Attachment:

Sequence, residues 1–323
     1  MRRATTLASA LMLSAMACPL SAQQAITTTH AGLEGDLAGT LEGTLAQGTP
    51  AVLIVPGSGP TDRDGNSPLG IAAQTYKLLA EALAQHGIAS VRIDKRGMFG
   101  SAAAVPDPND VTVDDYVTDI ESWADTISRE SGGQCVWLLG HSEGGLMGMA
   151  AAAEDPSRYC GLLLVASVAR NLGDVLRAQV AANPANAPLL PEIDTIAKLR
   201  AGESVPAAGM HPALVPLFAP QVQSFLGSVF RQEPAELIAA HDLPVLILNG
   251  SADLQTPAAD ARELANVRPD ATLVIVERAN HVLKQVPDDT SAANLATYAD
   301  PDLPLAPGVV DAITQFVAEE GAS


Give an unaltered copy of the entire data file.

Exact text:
Sequence, residues 1–323
     1  MRRATTLASA LMLSAMACPL SAQQAITTTH AGLEGDLAGT LEGTLAQGTP
    51  AVLIVPGSGP TDRDGNSPLG IAAQTYKLLA EALAQHGIAS VRIDKRGMFG
   101  SAAAVPDPND VTVDDYVTDI ESWADTISRE SGGQCVWLLG HSEGGLMGMA
   151  AAAEDPSRYC GLLLVASVAR NLGDVLRAQV AANPANAPLL PEIDTIAKLR
   201  AGESVPAAGM HPALVPLFAP QVQSFLGSVF RQEPAELIAA HDLPVLILNG
   251  SADLQTPAAD ARELANVRPD ATLVIVERAN HVLKQVPDDT SAANLATYAD
   301  PDLPLAPGVV DAITQFVAEE GAS